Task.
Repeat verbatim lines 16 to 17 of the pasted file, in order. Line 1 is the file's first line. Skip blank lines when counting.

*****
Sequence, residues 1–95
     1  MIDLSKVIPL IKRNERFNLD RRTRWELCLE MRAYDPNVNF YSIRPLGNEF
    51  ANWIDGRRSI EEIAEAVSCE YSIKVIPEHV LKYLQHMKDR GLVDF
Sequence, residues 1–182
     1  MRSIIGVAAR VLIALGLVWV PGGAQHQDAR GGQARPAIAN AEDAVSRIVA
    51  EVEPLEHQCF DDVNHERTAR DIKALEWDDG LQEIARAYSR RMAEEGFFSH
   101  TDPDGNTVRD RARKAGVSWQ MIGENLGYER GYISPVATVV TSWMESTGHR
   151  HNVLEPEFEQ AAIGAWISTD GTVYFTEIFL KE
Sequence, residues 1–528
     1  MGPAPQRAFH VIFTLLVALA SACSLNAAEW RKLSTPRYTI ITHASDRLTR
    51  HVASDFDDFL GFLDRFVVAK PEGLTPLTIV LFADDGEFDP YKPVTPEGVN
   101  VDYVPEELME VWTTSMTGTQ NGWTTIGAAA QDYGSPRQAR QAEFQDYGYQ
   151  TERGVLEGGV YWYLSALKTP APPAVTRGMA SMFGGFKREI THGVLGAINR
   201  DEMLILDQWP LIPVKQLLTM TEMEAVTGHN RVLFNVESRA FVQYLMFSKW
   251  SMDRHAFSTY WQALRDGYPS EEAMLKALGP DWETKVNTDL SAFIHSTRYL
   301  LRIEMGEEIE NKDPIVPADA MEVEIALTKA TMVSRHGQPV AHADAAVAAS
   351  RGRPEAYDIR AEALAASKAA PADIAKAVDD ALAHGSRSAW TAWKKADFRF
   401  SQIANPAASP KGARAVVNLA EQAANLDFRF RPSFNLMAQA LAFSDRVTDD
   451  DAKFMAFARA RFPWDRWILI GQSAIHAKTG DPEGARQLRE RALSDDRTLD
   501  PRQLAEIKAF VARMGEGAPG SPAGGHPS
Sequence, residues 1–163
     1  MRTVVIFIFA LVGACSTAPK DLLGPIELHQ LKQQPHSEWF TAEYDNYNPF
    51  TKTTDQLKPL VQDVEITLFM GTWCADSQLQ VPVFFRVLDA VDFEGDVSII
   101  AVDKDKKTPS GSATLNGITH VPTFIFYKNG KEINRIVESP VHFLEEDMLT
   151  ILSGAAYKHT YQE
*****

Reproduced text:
   301  LRIEMGEEIE NKDPIVPADA MEVEIALTKA TMVSRHGQPV AHADAAVAAS
   351  RGRPEAYDIR AEALAASKAA PADIAKAVDD ALAHGSRSAW TAWKKADFRF